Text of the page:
Here, where even the tree house is fully accessible and every activity is structured to leave no one on the sidelines, disabilities simply don’t matter.

“Everyone knows you’ve got some sort of internal struggle,” Paradis said.

Brunjes, 41, agrees.


In second grade, Brunjes’ teacher couldn’t reconcile her physical disability with the fact that Brunjes was as smart as any other student in the class.

That summer, Brunjes attended Pine Tree for the first time. At the camp, she said, no one cared how she walked; they only cared about her as a person.

“Here, you don’t have to worry,” she said as she sat at a picnic table at the camp Tuesday.


Paradis and Brunjes’ stories reflect the special challenges a person with disabilities can face, where acceptance comes slowly and prejudices can be deeply ingrained.

Paradis has Ehlers-Danlos syndrome, a hereditary disorder that wreaks havoc with the body’s connective tissues and expresses itself in many ways.


In the 1900s, some people with Ehlers-Danlos performed in circuses, showcasing their ability to stretch their skin far away from their body. The disorder can also affect hearing, eyesight and the joints.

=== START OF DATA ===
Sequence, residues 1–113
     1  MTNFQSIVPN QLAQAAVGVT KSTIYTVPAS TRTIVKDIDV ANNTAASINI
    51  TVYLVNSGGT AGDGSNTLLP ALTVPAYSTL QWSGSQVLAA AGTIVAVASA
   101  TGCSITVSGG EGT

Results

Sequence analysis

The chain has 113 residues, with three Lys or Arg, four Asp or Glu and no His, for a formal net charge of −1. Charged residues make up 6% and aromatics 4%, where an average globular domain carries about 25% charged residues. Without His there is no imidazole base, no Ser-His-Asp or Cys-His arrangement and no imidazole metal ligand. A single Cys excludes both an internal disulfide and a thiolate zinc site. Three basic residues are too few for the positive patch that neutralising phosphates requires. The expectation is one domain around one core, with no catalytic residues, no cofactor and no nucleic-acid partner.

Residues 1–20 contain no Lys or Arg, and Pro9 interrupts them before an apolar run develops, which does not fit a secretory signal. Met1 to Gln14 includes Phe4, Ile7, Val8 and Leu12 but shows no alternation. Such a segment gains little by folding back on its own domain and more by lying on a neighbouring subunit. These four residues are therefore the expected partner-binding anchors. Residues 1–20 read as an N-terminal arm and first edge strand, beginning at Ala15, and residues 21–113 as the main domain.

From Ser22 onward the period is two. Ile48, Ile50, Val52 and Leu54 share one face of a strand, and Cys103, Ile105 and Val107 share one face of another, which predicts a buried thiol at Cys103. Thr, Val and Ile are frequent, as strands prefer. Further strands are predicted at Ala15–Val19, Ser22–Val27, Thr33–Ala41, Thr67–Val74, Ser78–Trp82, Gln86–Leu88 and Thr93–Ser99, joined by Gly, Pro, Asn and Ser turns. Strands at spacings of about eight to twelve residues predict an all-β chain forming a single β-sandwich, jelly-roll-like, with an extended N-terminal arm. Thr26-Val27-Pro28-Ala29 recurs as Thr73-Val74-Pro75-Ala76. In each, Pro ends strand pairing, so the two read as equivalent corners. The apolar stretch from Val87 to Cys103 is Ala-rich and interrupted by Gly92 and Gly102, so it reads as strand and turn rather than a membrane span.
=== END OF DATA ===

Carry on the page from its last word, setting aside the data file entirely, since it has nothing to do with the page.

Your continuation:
Paradis’ skin is more fragile than that of most people — a long red scratch on her arm is from a relatively light contact with her dog, she said. Her thumbs are permanently dislocated.

From her first years in elementary school in Anson, Paradis was an easy target for bullies, in part because her muscles have to work extra hard to make up for the laxness of her joints. Her spine slumped and it was difficult for her to walk — she was sometimes confined to a wheelchair.

One day she brought a goose egg to school for show and tell, and one of her classmates pushed her down a short flight of stairs. The egg smashed.

The incident prompted her parents, Andrew Paradis and Samantha Paine-Paradis, to home-school her.

Without the social engagement that is part of the traditional school environment, Pine Tree Camp became an important part in Paradis’ socialization. She became close friends with another camper, Alyssa Briglio, of Lisbon, whom she met when they were 8 years old.


When asked what disability Briglio has, Paradis shrugged.

“I don’t know,” she said.

The question is unimportant to her because at Pine Tree, another person’s disability is one of the least interesting things about them.

In her sophomore year, Paradis returned to high school. While her peers treated her better than they had the previous decade, she still felt like an outsider.

“Some of them thought I just moved to the area,” she said. “I was like, ‘No, I live up the road from you and I remember you from when you were small.'”

There were also intentional slights, which she attributes to small mindedness.


“Mostly, the middle schoolers sucked,” she said. “They can be mean little buggers.”